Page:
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Feeding a Cold

If you're battling the combination of flu, allergies and seasonal changes, it might be time to consider a dietary adjustment to help boost your system.

I recently dodged a beginning of the season cold which for me usually turns into a full blown sinus infection. I had a sore throat, a stuffy nose and a pounding headache that got increasingly worse for several days then suddenly stopped.

I’m not sure why my symptoms went away but I did make a pot of homemade chicken noodle soup.

Can food cure the common cold? Is chicken soup my magic potion? I don’t know so I decided to read up on it.

Kids Health says, “Chicken soup contains a mucus-thinning amino acid called cysteine, and some research shows that chicken soup helps control congestion-causing white cells, called neutrophils.”

Fox News reported the same findings, “Science has confirmed grandma’s wisdom: Chicken soup is undoubtedly good for a cold.” Their research found that chicken stock slows down the production of mucus which helps you to breathe better when you have a cold. Vegetarian soups did not provide the same benefit as chicken soup. Maybe it is a magic potion?

In an Everyday Health article, Karen Gibson, RD, a dietitian at the University of Texas Medical School, suggests thinking of healthy foods as an “insurance policy” or a “preemptive strike” against the cold virus. So, eat the good stuff before you get sick and then maybe you won't get sick. Makes sense to me, eat healthy and be healthy.

Gibson recommends colorful fruits and vegetables like spinach, blueberries and red peppers to help keep your immune system working properly. She says to aim for five to seven servings a day. This same article included a top 10 cold remedy food list. Here’s their top ten: 100 percent orange juice, avocado, spinach, tomatoes, bell peppers, broccoli, garlic, grapefruit, lean meat and yogurt.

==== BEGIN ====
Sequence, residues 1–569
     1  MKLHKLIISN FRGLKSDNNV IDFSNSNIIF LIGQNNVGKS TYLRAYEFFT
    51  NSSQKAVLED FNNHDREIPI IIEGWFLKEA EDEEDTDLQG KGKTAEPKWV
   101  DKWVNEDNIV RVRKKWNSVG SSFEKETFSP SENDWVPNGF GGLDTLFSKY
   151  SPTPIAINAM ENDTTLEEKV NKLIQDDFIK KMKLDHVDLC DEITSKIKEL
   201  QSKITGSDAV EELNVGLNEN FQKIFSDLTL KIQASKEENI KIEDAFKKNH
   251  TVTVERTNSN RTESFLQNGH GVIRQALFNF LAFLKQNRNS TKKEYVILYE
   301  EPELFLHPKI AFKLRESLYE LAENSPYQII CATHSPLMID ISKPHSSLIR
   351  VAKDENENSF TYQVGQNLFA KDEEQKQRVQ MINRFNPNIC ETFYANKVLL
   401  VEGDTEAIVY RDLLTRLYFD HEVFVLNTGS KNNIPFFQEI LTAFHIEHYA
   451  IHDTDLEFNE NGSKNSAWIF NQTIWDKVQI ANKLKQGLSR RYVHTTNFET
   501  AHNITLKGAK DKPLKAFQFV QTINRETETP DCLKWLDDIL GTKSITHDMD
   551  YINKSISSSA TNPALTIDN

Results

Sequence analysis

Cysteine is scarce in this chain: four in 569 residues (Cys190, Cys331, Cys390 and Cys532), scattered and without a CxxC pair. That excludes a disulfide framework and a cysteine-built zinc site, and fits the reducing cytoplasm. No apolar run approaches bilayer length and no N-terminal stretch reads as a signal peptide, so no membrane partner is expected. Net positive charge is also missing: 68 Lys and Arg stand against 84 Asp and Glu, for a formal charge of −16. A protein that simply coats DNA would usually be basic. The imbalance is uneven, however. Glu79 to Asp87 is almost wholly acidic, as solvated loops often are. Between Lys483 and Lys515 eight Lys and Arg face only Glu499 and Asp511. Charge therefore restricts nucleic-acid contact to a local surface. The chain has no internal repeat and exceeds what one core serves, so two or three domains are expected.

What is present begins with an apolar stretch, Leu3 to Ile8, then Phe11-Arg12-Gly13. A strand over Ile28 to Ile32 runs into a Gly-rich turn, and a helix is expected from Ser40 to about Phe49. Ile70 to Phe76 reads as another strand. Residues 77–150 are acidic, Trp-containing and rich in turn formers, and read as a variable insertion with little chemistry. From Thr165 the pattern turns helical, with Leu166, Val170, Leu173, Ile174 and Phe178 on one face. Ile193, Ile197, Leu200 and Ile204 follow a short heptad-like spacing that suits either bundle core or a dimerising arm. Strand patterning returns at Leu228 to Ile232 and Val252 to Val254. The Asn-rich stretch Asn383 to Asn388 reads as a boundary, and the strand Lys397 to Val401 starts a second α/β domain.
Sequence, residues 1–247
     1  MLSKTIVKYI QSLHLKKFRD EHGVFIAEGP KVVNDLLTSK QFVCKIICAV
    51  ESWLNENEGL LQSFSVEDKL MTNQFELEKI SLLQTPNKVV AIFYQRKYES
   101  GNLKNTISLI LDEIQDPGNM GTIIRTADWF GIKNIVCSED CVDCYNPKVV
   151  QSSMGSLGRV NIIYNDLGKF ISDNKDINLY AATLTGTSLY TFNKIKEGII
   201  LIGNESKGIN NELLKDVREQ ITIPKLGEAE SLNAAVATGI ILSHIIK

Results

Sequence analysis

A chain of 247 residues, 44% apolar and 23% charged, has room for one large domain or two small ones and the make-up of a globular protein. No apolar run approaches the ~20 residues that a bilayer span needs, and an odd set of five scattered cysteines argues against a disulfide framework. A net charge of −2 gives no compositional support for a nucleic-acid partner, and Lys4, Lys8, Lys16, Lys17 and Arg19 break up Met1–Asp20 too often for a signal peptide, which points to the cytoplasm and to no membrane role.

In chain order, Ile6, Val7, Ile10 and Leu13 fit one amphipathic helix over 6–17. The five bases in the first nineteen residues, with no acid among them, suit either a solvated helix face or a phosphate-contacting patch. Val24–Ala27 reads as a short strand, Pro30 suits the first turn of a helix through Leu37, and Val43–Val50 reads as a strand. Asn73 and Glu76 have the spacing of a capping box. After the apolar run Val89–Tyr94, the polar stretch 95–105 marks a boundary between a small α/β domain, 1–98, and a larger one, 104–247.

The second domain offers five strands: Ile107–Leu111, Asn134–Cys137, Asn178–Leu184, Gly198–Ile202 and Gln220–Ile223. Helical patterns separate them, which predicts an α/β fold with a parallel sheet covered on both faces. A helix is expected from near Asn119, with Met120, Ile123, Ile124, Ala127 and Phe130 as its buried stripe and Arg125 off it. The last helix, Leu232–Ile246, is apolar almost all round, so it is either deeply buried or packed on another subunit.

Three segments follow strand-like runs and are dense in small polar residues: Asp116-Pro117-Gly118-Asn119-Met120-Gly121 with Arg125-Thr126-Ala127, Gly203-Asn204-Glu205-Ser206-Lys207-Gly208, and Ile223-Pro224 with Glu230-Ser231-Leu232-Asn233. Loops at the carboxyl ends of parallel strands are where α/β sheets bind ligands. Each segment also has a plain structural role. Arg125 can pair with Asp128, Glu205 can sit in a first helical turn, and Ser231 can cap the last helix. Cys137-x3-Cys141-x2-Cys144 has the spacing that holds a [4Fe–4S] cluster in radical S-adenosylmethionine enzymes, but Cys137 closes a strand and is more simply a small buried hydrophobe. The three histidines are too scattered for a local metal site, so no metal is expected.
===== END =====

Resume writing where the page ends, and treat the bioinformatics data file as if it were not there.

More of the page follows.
What are some other foods that might help ward off the nasty cold virus? Today’s Parent recommends yogurt, garlic, pumpkin seeds and mushrooms. Livestrong recommends garlic, yogurt and oranges. Fitness magazine spouts the cold fighting benefits of whole grains, garlic, sweet potatoes, cayenne pepper and bananas.

iVillage featured breakfast foods that fight colds. Garlic topped their list as it did many other cold-fighting food lists. They suggest adding it to eggs and omelets. There is a component in freshly crushed garlic called Allicin which blocks enzymes that cause infection. Another food on their list was Kiwis. Who knew this little fruit contains more vitamin C than an orange? Cottage cheese, which I find to be an odd cold-fighting food, found approval on iVillage’s list because it contains selenium, an antioxidant known to strengthen the immune system.

Dr. Oz, our favorite TV doctor, endorses orange vegetables high in beta carotene like carrots, winter squash, sweet potatoes and pumpkin for keeping colds and flus away. Luckily, these winter vegetables are readily available at this time of year.

My husband, a computer programmer, not a doctor, swears that lemon juice keeps him healthy during flu season. He squeezes half of a lemon into a hot cup of water every morning and drinks it. It has kept him cold- and flu-free.

I am also not a doctor or any kind of health expert, just a mom who hates getting colds and hates when my children have them. Feeding a cold the right kinds of food appears to make a difference but don’t forget how important it is to wash hands, avoid contact with people who are sick, wash hands again, get the right amount of sleep, exercise, wash hands again and again and again. Also, if you are sick, stay home, no one wants to share a nasty cold.

Lastly, don't forget that chicken soup. It worked for me.

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